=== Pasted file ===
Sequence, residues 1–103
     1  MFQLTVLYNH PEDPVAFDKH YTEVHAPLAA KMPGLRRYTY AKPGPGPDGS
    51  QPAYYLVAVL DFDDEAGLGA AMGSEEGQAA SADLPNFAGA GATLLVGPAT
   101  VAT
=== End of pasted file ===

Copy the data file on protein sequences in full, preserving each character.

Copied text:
Sequence, residues 1–103
     1  MFQLTVLYNH PEDPVAFDKH YTEVHAPLAA KMPGLRRYTY AKPGPGPDGS
    51  QPAYYLVAVL DFDDEAGLGA AMGSEEGQAA SADLPNFAGA GATLLVGPAT
   101  VAT